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A Dangerous and Precedent Setting Intrusion (Jewish Journal, June 13, 2008)

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“Ziman and Lee” (Jewish Journal of Greater Los Angeles, May 16, 2008

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We Don’t Need More Gabfests on Diversity (Jewish Journal of Greater Los Angeles, May 2, 2008)

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Families Deserve More than a Moratorium (Los Angeles Times, Blowback, April 10, 2008)

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On Any Given Sunday, Rev. Wright is Wrong (www.theroot.com, March 26, 2008)

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Obama’s Minister (KPCC’s Airtalk, March 18, 2008)

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LA Gang Violence Spikes (Associated Press, March 6, 2008)

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Critical Issues Seminar on The State of the Black Civil Rights Movement Today in conjunction with the Los Angeles Public Library and KPCC (KPCC's Airtalk, February)

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Asking Too Much (Los Angeles Times, January 31, 2008)

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Playing a Frayed and Faded Race Card (Jewish Journal, January 18, 2008)

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Limiting Fast Food Outlets---Path to Better Health? (KCET’s Life & Times, December 20, 2007)

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The State Bar and Revealing Data on Minority Passage Rates (KCET’s Life & Times, December 18, 2007)

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Divisions in the Jewish Community—Talking About Jerusalem (KCET’s Life & Times, December 12, 2007)

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Do Los Angeles’ Anti-Gang Programs Work? (KCET’s Life & Times, December 6, 2007)

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Sharpton Leads Call for Federal Investigation of Hate Crimes (Los Angeles Times, November 17, 2007)

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Race Card Backlash (Los Angeles Times, October 30, 2007)

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Critical Issues Seminar on Charter Schools in conjunction with the National Center for the Preservation of Democracy and KPCC (KPCC's Airtalk, October 5, 2007)

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The Private Lives of Public Officials (KCET’s Life & Times, Kitchen Table Conversation, October 2, 2007)

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“Smart Growth” and Los Angeles Planning (KCET’s Life & Times, Kitchen Table Conversation, September 20, 2007)

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Civil Rights in Louisiana (To the Point, KCRW-FM, September 20, 2007)

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The Racial/Ethnic Educational Achievement Gap (KCET’s Life & Times, Kitchen Table Conversation, September 12, 2007)

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Board Vote Not Aimed At Students (Los Angeles Daily News, September 9, 2007)

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Healthcare Reform and Politics (KCET’s Life & Times, Kitchen Table Conversation, September 5, 2007)

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The Constitution and Sex Offenders (KCET’s Life & Times, Kitchen Table Conversation, August 30, 2007)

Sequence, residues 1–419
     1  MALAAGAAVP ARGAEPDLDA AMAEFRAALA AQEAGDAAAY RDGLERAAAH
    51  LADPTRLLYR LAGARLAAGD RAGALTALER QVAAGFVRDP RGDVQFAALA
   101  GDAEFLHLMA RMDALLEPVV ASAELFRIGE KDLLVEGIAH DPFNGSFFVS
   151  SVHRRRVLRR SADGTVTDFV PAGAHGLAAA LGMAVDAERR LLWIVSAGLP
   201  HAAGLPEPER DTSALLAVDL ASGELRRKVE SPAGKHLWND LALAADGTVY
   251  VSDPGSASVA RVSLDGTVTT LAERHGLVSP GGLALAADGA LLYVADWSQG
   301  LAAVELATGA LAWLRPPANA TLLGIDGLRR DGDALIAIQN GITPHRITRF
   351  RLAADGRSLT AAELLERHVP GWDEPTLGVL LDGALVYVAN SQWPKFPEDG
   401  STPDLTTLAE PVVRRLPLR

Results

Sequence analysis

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‘Profiles in Courage’ ( Jewish Journal, August 24, 2007)

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Where’s the Fire? (Washington Post, August 2, 2007)

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Race and Politics in a Changing South LA (KCET’s Life & Times, Kitchen Table Conversation, June 20, 2007)

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Gangsta Rap and its Impact (KCET’s Life & Times, Kitchen Table Conversation, June 13, 2007)

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Mexican Americans and Drunk Driving (KCET’s Life & Times, Kitchen Table Conversation, June 6, 2007)

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Baseball and the Decline in African-American Players (KCET’s Life & Times, Kitchen Table Conversation, May 30, 2007)

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Los Angeles Unified’s New Board (KCET’s Life & Times, Kitchen Table Conversation, May 23, 2007)

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Hollywood and its Impact on Political Discourse (KCET’s Life & Times, Kitchen Table Conversation, May 16, 2007)

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New Times and the NAACP (KCET’s Life & Times, Kitchen Table Conversation, May 9, 2007)

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Downtown Homeless and the LAPD (KCET’s Life & Times, Kitchen Table Conversation, May 2, 2007)

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Immigration and the new Sanctuary Movement (KCET’s Life & Times, Kitchen Table Conversation, April 25, 2007)

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The Teachers’ Union and School Reform, (KCET’s Life & Times, Kitchen Table Conversation, April 18, 2007)

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Drop the Race Card (Washington Post, April 15, 2007)

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The Takeover of the Times (KCET’s Life & Times, Kitchen Table Conversation, April 11, 2007)

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The Governor’s Health Care Plan (KCET’s Life & Times, Kitchen Table Conversation, March 28, 2007)

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Racism in the LA Fire Department? (KCET’s Life & Times, Kitchen Table Conversation, March 14, 2007)

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Critical Issues Seminar in conjunction with the National Center for the Preservation of Democracy and KPCC (KPCC's Airtalk, February 26, 2007)